NYT Gets Tipton Wrong

The NYT reviwed Nellie McKay’s show about Billy Tipton. The title of the review is “Exploring a Jazzman and Gender Identity” which is all well & good, but the subtitle, “Nellie McKay Plays the Drag King Billy Tipton at 54 Below,” is what made me roll my eyes.

I mean, really? Tipton lived his entire life as a man, so much so that all three of his wives had no idea he was assigned female at birth. He died at home to avoid going to the hospital so that his secret might not be uncovered.

That is NOT the behavior or life experience or someone who was doing drag.

That doesn’t mean that passing women – that is, masculine women who lived in the world as men – were all trans. I’m sure plenty weren’t – that despite being taken for male by others and appreciating some of the advantages of passing as a straight man and not as a lesbian provided – that they were comfortable being women. Their wives and lovers often knew even if no one else did.

But Tipton? Nothing I’ve ever read about him convinces me he knew himself to be a woman – even as a woman who passed as a man.

I don’t know what the show is like but I know the image of McKay in an oversized suit struck me as comic and playful – clownish, you might say – in a way that upset me. The name of the show is “A Girl Named Bill.” And that makes me sad and tired and angry.

I don’t really know what her take is as I haven’t seen it, but the historical record – including Middlebrook’s bio – keep regendering Tipton using female pronouns. It doesn’t seem right.

Tipton lived his whole life as male and used male pronouns for himself when he was alive. Without getting into a taxonomical bullshit argument about the differences between passing women and drag kinds and trans men, can we all, maybe, just maybe, respect the pronouns he did use and the life he lived and not re-gender him based on what gender he was assigned at birth, to stop making his life some kind of curiosity, some stupid gender experiment or performance?

His gender probably allowed him a career in jazz that he wouldn’t have had otherwise. And that’s all. His life wasn’t lived so someone could come along and make some kind of feminist point with it. It just was. And if we come to know that jazz was too sexist for a woman to make it in as a result, we can thank him for that without disrespecting his life choices.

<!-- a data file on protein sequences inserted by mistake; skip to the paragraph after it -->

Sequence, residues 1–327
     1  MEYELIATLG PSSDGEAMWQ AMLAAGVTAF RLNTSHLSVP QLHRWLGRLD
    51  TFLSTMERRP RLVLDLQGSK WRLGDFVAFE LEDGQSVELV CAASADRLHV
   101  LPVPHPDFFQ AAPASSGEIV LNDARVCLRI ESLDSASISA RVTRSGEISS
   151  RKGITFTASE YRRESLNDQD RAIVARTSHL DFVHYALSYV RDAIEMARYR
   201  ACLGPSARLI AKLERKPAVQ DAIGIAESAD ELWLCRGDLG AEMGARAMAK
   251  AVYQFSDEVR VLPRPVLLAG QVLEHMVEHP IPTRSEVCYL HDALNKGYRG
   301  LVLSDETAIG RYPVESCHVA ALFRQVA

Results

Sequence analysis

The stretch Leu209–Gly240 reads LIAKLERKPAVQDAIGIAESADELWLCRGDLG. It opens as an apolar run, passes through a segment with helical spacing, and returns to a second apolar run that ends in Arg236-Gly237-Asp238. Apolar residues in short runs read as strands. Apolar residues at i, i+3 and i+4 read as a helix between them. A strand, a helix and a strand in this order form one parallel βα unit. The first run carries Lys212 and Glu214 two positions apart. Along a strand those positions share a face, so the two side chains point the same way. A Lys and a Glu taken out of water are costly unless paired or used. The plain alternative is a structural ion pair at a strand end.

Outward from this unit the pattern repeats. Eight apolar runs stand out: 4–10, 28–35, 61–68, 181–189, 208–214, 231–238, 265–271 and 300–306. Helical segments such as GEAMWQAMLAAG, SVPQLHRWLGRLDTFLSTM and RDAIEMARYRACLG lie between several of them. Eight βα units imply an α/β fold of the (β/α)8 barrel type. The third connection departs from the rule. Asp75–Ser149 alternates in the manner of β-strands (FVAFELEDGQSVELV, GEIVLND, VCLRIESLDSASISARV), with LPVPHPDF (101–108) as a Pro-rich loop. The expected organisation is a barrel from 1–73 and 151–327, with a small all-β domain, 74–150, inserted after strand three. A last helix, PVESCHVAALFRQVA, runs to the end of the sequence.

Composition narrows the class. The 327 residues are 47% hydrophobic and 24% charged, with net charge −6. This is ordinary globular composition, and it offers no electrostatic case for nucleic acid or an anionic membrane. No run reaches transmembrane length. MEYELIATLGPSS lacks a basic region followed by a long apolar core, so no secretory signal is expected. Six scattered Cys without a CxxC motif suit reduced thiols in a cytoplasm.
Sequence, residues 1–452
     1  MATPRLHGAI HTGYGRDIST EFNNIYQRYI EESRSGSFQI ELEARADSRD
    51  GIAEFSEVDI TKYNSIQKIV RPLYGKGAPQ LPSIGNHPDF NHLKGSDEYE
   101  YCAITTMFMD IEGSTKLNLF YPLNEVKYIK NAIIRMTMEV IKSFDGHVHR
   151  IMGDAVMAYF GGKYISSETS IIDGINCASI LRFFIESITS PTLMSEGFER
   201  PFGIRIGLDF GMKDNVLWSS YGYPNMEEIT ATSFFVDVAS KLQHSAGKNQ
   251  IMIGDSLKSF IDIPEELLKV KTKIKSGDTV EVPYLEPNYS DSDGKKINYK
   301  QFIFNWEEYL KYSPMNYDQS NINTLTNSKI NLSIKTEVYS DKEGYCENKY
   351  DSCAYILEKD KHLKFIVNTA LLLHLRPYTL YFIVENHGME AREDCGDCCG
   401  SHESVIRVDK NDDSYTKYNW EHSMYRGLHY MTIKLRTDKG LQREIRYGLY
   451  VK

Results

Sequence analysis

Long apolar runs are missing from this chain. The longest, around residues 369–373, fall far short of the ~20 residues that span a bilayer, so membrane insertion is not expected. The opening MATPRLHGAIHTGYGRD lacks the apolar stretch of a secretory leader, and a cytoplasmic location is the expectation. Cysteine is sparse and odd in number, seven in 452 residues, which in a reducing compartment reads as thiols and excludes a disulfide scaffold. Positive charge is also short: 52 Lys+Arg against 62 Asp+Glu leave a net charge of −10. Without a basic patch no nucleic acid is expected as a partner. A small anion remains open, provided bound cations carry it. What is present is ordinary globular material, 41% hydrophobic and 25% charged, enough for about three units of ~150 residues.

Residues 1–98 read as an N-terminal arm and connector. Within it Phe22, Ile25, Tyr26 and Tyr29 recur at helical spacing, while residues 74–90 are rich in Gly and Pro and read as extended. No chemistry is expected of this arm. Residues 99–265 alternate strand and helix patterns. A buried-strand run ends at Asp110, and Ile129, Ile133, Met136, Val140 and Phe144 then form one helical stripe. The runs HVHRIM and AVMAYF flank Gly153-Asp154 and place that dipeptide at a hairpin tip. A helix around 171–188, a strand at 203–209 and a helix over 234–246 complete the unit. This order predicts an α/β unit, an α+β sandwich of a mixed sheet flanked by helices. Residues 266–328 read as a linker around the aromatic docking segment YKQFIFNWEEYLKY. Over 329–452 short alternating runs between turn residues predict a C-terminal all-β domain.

UCBoulder Call for Workshops

The good folks at University of Colorado @ Boulder are gearing up for their next TRANSforming Gender conference – to be held in March 2015 – and are accepting workshop proposals until the end of this month.

 

SOFFA Jill Soloway

Jill Soloway just gave an acceptance speech that was awesome in recognizing Leelah Alcorn, all the trans people who die too young, her parent/moppa, and the larger trans community.

Kick ASS.

Go cis allies!

8:40PM, Edited to add– Jeffrey Tambour thanks the trans community for courage, inspiration, patience, and for letting the cast and crew of Transparent be part of the change while thanking, by name, Jenny Boylan, Rhys Ernst, and Zachary Drucker.

 

Afterword: Partners

So, partners, I’m finishing up an Afterword for a book of writings by us, and what I want to know is this:

  • What is it essential that I mention?
  • What are the things that no one ever says about us?
  • What don’t we get credit for?
  • What do we need from the larger trans community?

Be quick about your answers; I’m nearly done already.

Emma Holten’s Consent

Here’s a smart piece about consent and revenge porn, in which a woman who was a victim of it decided to get new photos taken & publish them herself in order to establish her own agency & autonomy.

She doesn’t advise it for everyone, but she does say some smart things about the nature of sexualization and objectification. Such as:

Then, suddenly, I noticed that this dynamic – sexualisation against her will – was everywhere. Take ‘creepshots’, a global phenomenon which entails photographing women without their knowledge or consent, in order to share them in a sexual context online. On similar sites, people link to Facebook pages asking if anyone can hack or find more pictures of the girl. Here, again, women are used as objects whose lack of consent, of participation, provides the reason and allure of their sexualisation.

This dynamic is a commonplace online and is a concrete manifestation of a larger discourse around the female body, the notion that it is erotic to sexualise someone who is unaware. We all know the tropes: the sexy teacher/student/nurse/waiter/bartender/doctor. All jobs, if staffed by women, can be sexualised. What is sexy is not the job, not even the woman, but the fact that while the woman is just doing her job you are secretly sexualising her. She has become public property by simply being?

Do go read the whole thing. She is straightforward, pro sex, and thoughtful. It won’t solve the problem, but it feels empowered — dignity in the face of a shitty, sexist world.

Great New Resource for Grief

There’s a new PDF up at FORGE’s site for self care in the aftermath of a tragedy. It’s got some great stuff, including the immediate list of self care (am I eating? sleeping? have i relaxed?) as well as ways to contend with grief in positive, life affirming ways – by calling someone, or taking someone out for coffee, or just holding someone’s hand. There are also tips on longer-range things to do, such as kinds of activism you might engage in.

We are an awesome community. Take care of each other out there.

#LeelahsLaw Against Reparative Therapy

Go, sign it.

California was the first state to make it illegal. Let’s get the rest to do as well.